Tuesday, June 12, 2018

Laura Lee Guhrke - The Truth About Love and Dukes

Dear Lady Truelove . . . I have fallen in love, truly and completely in love, for the first time. The man whom I hold in such passionate regard, however, is not of my station. He is a painter, a brilliant artist. Needless to say, my family would not approve . . .
Henry, Duke of Torquil, wouldn’t be caught reading the wildly popular “Dear Lady Truelove” column, but when its advice causes his mother to embark on a scandalous elopement, an outraged Henry decides the author of this tripe must be stopped before she can ruin any more lives. Though Lady Truelove’s identity is a closely guarded secret, Henry has reason to suspect the publisher of the notorious column, beautiful and provoking Irene Deverill, is also its author.
For Irene, it’s easy to advise others to surrender to passion, but when she meets the Duke of Torquil, she soon learns that passion comes at a price. When one impulsive, spur-of-the-moment kiss pulls her into a scorching affair with Henry, it could destroy her beloved newspaper, her career, and her independence. But in the duke’s arms, surrender is so, so sweet .

Comment: After reading some positive reviews on this book, I have decided to add it to my list. Now that a few months have passed, I finally started the book and I must say I was more positively surprised than what I really expected. I had read another book by the author a long time ago and from what I remember it wasn't as captivating, but this time I think I'll be a fan of this series.

In this story we meet Henry, the duke of Torquil, as he decides to investigate the silly column "dear mrs Truelove" in a newspaper after he recognizes a story very much alike his own mother's, since she wants advice in how to deal with a potential marriage with someone not in her class. Henry and his siblings are obviously nervous and he goes to the newspaper to question the owner and the woman who gave his mother the advice to "just follow" her heart.
Irene Deverill is a feminist who has taken over the family business to make ends meet and to finally give some stability to her family since her father drinks and can't really help. The gossip and the truelove column are the most sought over items in her newspaper and she knows it can provide for them for a long time so she doesn't think about letting it go, much less after an aristocrat demands it so. The problem is that the duke doesn't play fair and Irene and her younger sister see themselves in a complicated situation, all because of the duke. But as close proximity makes them butt heads, it also makes Irene realize there's more about the duke than his status...

Reading the blurb and my own poor description above, one probably imagines this is another silly story about unlikely characters and while I must say it's necessary to suspend belief for a while because some situations can't be that realistic (dukes wouldn't interact like that with common people I'm sure), at the same time the author was able to write scenes where the characters talk and discuss their lives, status, positions and experiences so that the physical relationship isn't only lust or a convenient excuse to make them closer but a consequence of true feelings.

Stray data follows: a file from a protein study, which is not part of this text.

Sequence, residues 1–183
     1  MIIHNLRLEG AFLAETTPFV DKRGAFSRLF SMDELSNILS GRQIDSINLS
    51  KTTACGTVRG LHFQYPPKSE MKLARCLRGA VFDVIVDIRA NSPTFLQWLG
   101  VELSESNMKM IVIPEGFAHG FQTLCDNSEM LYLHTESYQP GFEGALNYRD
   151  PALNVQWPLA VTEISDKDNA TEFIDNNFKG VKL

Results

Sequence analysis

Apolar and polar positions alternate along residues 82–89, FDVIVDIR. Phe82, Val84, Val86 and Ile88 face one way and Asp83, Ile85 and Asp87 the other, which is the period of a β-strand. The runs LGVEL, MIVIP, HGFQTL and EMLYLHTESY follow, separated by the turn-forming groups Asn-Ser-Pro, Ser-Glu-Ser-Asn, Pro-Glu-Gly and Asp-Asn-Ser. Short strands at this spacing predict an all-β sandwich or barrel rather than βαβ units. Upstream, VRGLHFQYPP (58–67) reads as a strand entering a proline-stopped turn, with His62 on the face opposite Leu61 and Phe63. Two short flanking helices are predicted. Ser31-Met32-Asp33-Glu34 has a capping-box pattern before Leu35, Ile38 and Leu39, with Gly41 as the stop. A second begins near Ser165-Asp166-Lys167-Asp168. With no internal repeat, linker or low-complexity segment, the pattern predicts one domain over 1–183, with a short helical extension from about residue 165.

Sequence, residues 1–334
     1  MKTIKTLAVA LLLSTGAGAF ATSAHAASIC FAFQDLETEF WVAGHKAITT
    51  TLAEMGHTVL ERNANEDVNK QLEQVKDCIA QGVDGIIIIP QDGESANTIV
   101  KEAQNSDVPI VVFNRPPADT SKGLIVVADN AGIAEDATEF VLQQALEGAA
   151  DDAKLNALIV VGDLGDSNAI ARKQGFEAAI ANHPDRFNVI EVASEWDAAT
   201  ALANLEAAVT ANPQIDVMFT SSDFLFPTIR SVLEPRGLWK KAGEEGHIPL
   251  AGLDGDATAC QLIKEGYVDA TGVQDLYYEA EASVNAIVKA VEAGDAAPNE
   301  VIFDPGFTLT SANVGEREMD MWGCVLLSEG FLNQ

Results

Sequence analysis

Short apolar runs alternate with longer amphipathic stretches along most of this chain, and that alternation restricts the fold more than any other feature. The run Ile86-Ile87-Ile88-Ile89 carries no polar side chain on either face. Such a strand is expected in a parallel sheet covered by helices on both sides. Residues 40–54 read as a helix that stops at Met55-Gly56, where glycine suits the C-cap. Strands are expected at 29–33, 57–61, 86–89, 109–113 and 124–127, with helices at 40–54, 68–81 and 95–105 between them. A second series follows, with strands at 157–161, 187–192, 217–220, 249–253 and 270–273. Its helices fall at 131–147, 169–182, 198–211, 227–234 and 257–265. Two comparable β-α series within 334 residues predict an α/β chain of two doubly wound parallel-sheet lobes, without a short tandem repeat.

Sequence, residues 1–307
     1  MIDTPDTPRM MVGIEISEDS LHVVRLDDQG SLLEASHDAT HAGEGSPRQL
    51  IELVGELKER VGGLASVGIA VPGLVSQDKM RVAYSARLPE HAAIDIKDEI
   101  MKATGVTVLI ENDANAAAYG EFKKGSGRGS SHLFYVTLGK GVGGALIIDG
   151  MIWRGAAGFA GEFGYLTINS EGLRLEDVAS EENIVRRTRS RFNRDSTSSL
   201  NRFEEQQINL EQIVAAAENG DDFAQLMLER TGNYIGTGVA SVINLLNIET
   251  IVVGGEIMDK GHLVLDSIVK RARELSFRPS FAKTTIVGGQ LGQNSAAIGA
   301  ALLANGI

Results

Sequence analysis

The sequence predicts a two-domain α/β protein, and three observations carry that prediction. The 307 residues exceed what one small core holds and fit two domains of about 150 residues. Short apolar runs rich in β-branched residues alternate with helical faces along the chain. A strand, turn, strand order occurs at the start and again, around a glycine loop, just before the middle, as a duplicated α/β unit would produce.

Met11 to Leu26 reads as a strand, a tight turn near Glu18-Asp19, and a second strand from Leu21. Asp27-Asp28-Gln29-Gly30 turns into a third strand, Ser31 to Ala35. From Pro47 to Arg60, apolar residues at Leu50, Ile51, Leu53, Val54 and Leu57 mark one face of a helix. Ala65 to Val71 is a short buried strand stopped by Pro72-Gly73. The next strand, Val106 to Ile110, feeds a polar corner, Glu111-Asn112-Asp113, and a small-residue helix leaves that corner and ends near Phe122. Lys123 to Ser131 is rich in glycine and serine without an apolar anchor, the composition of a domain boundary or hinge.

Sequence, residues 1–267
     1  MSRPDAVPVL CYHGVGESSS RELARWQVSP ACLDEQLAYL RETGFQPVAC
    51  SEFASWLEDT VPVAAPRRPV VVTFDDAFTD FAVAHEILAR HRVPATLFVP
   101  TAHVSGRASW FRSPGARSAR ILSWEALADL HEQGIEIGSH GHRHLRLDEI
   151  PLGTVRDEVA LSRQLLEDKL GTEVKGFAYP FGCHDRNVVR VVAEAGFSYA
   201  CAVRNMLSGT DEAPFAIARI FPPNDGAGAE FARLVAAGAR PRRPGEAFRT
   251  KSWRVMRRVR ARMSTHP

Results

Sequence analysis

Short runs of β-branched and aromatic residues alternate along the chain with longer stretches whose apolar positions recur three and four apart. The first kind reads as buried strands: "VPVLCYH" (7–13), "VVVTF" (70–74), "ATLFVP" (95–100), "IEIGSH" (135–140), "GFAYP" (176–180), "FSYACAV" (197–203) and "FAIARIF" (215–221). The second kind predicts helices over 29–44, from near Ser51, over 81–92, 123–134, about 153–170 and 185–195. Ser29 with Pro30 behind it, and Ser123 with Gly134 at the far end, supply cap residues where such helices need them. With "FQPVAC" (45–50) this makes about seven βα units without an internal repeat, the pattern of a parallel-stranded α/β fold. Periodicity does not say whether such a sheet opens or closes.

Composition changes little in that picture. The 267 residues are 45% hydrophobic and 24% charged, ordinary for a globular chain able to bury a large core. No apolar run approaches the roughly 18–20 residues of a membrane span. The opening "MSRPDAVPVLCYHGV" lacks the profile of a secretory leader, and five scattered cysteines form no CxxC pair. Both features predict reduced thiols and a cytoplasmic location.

For this alone, I would be able to say this is a successful story. I really liked it that we were able to get to know both Henry and Irene very well, even if they acted a bit stubborn at times. Of course we tend to see things through out contemporary eyes but this is an historical. I admit some things felt like modern people wearing old fashioned clothes but the settings provide a lot of interesting scenes for the characters to interact in and that does help them improve and see the others in different ways. I think this is a thoughtful story with characters who do have a brain and I liked this more seriously discussed type of plot where we see things happen in an obvious way.

Irene and Henry are very different, so I could see some opposites attract here but they are also from different sides of the social hierarchy and I do love to see how people can still find common ground and compromise and love while everything around them wasn't supposed to work.
Henry is a fascinating hero, and we put them in such a status not just because he is rich or because he helps the heroine somehow but because this time he talks to her, he tries to understand her side and he also presents good arguments on why he occupies a certain position and can't simply ignore it. He is actually a very sweet man...
Irene is more vibrant, sure of herself and independent. It took her a bit longer to accept a certain fact about their relationship but I also understand her POV and she isn't as generally described as usually feminists are in these books, she has opinions, she makes herself heard but she isn't so aggressive she dismisses others or their feelings completely. Her falling in love and accepting Henry did feel very sweet as well. I did like their relationship overall.

The secondary characters were interesting, did offer a lot more than just supporting roles. For instance, I liked how Henry's mother was portrayed and how everyone was very rational in their opinions, ideas, so on...
The tone of the story isn't that serious, there are several routine scenes and here and there some comedy feels but overall, I liked how the story was played. Very different from my memories of the other book by the author I've read. As if a mature person wrote this and was able to convey the message...I can't explain well.

I liked this story, there were many elements I enjoyed, there are flaws as well, some parts weren't as well paced, but all things considered, I had a great time reading. I'm certainly going to keep up with this series.
Grade: 8/10

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